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Cocaine This work has been published in the Teen Ink monthly print magazine.

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   What is cocaine? It's white andlooks like baby powder or powdered sugar. It may be sniffed through the nose orinjected into the bloodstream. Another form, crack cocaine, is smoked. Cocaine isa stimulant, meaning it speeds up the way the brain and body operate. It alsomakes the heart and lungs work faster. Cocaine produces a strong sense ofpleasure and users say it makes them feel more energetic. This feeling is calledeuphoria.

The effects of cocaine last between five and 40 minutes, butwhen the euphoria wears off, users feel terrible, becoming nervous, irritable,confused, angry and tired, called a cocaine crash. As a result, users want totake more and more to stay high, and avoid crashing.

You're probablyasking yourself what my point is. Well, even if you think cocaine use does notaffect you, there is a good chance it affects someone you know or love. Cocaineis a big problem for many, whether they're crack babies born addicted because oftheir mother's use, teens or adults.

I am writing this is because I knowfirsthand what it was like to be around a crackhead. Before she started using,she was a healthy, sweet and innocent girl just out for a good time. After tryingit at a party, though, she was hooked. That one time got her going. She starteddoing it every few days, saying it made her feel carefree and totally cut herappetite, which she thought was awesome.

Within weeks I could see adrastic change in her behavior toward everyone. Suddenly she needed a gram here,a gram there, and pretty soon she was out of money and had to slow down. She toldme she had stopped using, but I knew that was a lie.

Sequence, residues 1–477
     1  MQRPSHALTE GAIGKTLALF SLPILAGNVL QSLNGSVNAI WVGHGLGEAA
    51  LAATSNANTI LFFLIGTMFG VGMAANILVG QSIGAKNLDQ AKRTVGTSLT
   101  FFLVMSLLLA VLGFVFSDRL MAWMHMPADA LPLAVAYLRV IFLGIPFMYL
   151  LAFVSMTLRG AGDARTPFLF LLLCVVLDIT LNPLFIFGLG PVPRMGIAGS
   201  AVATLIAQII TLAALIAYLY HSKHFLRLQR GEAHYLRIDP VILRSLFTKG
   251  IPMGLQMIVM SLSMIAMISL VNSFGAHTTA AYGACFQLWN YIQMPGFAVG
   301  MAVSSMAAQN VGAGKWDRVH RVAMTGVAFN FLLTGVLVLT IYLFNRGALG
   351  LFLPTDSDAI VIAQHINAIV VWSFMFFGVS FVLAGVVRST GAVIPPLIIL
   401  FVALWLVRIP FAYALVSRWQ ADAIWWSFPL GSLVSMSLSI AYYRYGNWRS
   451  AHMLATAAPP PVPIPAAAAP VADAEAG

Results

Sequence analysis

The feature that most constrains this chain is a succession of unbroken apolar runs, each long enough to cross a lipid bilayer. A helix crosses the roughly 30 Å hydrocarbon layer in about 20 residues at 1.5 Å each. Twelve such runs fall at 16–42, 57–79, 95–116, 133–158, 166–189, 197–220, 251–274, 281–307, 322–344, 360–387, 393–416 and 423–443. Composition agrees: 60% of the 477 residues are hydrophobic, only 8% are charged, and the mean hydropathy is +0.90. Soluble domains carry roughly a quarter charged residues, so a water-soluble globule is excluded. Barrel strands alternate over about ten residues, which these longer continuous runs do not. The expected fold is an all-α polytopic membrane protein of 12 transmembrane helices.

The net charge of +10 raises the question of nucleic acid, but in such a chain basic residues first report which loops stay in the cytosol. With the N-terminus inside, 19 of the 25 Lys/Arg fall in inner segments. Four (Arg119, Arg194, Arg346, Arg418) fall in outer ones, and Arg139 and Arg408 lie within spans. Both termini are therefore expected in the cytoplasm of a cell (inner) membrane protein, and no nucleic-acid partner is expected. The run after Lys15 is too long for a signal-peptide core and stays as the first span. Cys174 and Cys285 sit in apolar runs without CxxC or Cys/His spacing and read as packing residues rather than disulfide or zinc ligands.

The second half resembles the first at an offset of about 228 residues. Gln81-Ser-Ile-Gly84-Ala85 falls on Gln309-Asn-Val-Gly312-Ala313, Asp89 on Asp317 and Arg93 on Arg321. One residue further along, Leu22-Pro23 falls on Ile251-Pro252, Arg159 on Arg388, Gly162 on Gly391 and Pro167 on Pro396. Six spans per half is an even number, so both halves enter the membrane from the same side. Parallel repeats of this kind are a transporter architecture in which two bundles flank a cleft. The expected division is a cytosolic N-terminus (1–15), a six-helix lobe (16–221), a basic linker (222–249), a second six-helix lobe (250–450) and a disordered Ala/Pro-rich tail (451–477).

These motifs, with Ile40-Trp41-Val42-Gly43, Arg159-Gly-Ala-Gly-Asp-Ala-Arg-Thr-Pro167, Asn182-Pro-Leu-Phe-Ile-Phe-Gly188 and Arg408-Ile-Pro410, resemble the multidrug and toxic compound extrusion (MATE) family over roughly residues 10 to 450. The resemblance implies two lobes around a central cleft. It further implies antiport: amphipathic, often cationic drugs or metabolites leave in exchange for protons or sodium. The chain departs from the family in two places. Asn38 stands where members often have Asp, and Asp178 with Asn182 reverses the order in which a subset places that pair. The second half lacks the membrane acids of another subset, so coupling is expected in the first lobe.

She began tosteal from her parents, who didn't even notice because half the time they wereaway on business trips. About six months later and 20 pounds lighter, she beganto get violent, and was pale, sickly, drowsy and unfriendly to those who werestill her friends. (She had pushed most away.) I did what I could to help her,but it was too late.

Before I knew it she was out cold and nearly deadwhen an ambulance picked her up at her parents' mansion on the waterfront. Twodays later she was pronounced dead.

I will never forgive myself for whathappened to her. Each day I have to live with the fact that I could have savedher life if only I had made the right decision to tell someone - her parents, ateacher or a doctor.

I have seen what drugs do to people, and no matterhow good it feels when you're using, it is 10 times worse when you're crashing.Drugs kill, injure and ruin lives every day. They have already injured my lifeand my heart, and I am not even a user.




This work has been published in the Teen Ink monthly print magazine. This piece has been published in Teen Ink’s monthly print magazine.





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practicerandomkindness said...
Jul. 2, 2009 at 3:02 am:
I, too, know those who have done drugs. my baby cousin was adopted by my grandparents because his mom did drugs, and he nearly died when he lived with his parents.
 
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